Donovan Woods and Henry Jamison

Isabel Pless

Saturday, April 15
Doors: 7pm : Show: 8pm
$20

Donovan Woods was in on the joke when he named his latest release. Riffing on a lyric from a Martin Simpson song (“Never Any Good”), Big Hurt Boy is a six-song exploration of how our failures — and our fixations on them — not only shape but enlighten us.

“I write about them again and again, just hoping people will still be interested,” the acclaimed Canadian singer-songwriter says. “So the title is poking fun of myself, that I’m theoretically this big sad guy who keeps getting dumped and writing fucking songs about it.”

Or you could think of it this way: Woods’ deep curiosity about the human condition is why we so clearly hear our own stories in his. The details differ, the characters change, but at their core, Donovan Woods songs are for and about everyone.

That’s particularly apparent on his new EP, which will be released March 18, 2022. Trying to capture more of an “undone” quality, Woods wanted his latest songs to “get back to the feeling that my early recordings had.” You hear that in the spare, subtle ache of “No Time Soon,” an acoustic monologue Woods describes as “the story of my whole life.”

I am a frightened rabbit
Running off a map
Only loved you out of habit
I ain’t proud of that
But while I do the dishes I hum a little tune
Someday, no time soon

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Henry Jamison’s upcoming third LP The Years was produced by Doug Schadt (Maggie Rogers, Claud) plus long-standing collaborators Thomas Bartlett (Florence & The Machine, Sufjan Stevens) and Harris Paseltiner of Darlingside. Featured vocalist Maisie Peters and composer Nico Muhly (Adele, Bjork) round out the cast on what is Jamison’s most dynamic and diverse collection of songs to date.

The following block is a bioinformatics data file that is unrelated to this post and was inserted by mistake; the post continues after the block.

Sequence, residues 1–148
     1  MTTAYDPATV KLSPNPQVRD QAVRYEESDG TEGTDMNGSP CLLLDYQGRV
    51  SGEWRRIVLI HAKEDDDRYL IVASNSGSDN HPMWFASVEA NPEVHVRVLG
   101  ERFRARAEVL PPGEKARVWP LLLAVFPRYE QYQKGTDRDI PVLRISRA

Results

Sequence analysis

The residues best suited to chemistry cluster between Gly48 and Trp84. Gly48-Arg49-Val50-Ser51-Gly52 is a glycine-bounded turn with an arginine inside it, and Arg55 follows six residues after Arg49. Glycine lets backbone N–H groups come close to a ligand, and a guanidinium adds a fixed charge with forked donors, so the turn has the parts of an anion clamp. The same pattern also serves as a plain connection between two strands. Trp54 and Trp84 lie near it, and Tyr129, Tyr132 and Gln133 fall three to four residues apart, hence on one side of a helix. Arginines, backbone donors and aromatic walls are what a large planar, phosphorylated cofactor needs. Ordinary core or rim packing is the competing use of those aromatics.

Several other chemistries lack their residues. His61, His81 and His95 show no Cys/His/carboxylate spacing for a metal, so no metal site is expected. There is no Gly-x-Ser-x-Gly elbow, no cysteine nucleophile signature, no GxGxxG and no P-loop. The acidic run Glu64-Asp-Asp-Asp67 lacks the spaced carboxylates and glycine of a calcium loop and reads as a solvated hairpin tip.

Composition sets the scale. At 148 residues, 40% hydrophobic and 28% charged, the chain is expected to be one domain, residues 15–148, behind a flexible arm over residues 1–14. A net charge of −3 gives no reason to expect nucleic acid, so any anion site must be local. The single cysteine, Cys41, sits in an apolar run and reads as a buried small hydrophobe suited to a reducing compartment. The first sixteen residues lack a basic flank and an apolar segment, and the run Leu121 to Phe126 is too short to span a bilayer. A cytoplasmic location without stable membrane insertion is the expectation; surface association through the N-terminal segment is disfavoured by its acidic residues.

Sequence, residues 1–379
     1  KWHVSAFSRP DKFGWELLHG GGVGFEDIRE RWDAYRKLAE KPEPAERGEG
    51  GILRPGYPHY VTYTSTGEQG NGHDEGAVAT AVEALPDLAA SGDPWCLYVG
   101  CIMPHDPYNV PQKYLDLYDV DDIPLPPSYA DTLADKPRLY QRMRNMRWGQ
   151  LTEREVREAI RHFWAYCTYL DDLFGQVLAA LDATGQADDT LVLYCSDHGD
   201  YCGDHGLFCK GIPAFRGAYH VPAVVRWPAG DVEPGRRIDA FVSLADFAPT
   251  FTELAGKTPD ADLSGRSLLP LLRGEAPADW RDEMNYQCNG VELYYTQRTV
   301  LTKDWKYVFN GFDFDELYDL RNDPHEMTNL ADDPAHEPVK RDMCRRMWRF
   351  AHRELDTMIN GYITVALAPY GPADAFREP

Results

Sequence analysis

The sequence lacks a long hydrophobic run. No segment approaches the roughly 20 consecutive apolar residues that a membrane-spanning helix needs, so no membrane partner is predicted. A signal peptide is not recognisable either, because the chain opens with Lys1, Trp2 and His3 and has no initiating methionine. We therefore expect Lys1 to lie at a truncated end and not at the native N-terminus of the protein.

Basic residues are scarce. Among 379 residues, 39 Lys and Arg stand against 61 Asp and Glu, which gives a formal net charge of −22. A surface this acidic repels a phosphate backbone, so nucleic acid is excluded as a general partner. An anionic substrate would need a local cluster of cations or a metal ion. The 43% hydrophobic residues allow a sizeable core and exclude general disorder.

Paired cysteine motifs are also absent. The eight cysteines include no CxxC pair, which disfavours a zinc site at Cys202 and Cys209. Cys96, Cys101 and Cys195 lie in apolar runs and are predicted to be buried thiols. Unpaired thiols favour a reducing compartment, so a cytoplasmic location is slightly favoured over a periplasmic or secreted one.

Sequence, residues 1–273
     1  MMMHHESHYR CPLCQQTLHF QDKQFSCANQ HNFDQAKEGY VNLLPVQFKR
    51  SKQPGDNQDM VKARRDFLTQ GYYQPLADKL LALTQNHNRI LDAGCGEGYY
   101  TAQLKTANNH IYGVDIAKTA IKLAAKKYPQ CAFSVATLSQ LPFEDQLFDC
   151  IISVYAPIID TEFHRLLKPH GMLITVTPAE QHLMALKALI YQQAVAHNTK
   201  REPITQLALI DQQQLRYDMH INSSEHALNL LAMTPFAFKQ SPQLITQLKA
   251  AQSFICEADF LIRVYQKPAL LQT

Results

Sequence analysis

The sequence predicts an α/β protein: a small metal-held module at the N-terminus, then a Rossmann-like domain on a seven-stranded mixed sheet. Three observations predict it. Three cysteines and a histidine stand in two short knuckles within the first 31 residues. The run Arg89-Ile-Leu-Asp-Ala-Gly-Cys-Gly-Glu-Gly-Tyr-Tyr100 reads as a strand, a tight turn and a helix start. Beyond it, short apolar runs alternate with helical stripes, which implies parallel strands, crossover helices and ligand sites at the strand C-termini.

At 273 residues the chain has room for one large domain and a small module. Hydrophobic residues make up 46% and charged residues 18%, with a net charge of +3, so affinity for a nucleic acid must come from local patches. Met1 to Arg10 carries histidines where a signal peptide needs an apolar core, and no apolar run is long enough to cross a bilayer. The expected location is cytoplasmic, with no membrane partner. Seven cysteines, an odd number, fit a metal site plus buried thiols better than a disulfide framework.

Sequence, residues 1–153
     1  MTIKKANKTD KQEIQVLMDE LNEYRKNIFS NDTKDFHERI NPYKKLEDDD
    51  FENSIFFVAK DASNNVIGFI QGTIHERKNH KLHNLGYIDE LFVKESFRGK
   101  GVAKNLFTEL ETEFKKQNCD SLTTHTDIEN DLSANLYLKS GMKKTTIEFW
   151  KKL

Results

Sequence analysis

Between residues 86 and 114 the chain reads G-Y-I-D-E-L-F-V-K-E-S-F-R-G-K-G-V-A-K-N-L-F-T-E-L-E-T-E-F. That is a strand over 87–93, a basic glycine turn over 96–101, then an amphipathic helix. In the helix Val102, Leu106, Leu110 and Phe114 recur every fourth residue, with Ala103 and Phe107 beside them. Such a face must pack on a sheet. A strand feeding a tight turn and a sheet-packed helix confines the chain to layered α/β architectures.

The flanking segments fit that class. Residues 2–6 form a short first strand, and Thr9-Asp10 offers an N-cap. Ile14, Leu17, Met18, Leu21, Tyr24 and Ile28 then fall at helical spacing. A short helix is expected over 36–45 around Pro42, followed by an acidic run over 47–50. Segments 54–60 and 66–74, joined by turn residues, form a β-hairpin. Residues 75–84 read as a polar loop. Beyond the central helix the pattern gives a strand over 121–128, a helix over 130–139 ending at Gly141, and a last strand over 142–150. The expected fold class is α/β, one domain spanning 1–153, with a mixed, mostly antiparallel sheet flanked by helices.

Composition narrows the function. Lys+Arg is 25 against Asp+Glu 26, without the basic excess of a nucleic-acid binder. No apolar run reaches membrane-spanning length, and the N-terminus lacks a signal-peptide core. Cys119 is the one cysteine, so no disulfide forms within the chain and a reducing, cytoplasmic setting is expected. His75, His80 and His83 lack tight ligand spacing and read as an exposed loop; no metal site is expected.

Since his 2017 debut The Wilds, which was humbly produced with two friends at a sugarbush/apiary in his native Vermont, Jamison has branched out to become one of the most interesting collaborators of his generation. His 2019 follow up Gloria Duplex explored identity, class and masculinity over baroque textures and performances from Thomas Bartlett, Rob Moose (Phoebe Bridger, Bon Iver, Taylor Swift) and Shazhad Ismaily (Damien Rice, Nils Frahm, Marketa Irglová). In 2020 Jamison released Tourism, a five-song folk collection, featuring JOSEPH, Ed Droste, Fenne Lily, Darlingside and Lady Lamb.

Jamison’s uncanny ability to weave folk lyricism and instruments through a popular veneer has led to over 300M streams and widespread praise, especially from his peers. Adrianne Lenker describes, “Songs that sing me through mazes of my own sensuality and sadness and help me to feel less alone in the journey to understand myself.” 

Raised by a classical composer father and an English professor mother, Jamison was drawn to music and lyrics from his earliest days and began recording his own homemade cassette tapes while he was still in elementary school. Going further back in Jamison’s lineage, you’ll find George Frederick Root, the most popular songwriter of the Civil War era and the author of the iconic “Battle Cry Of Freedom.”

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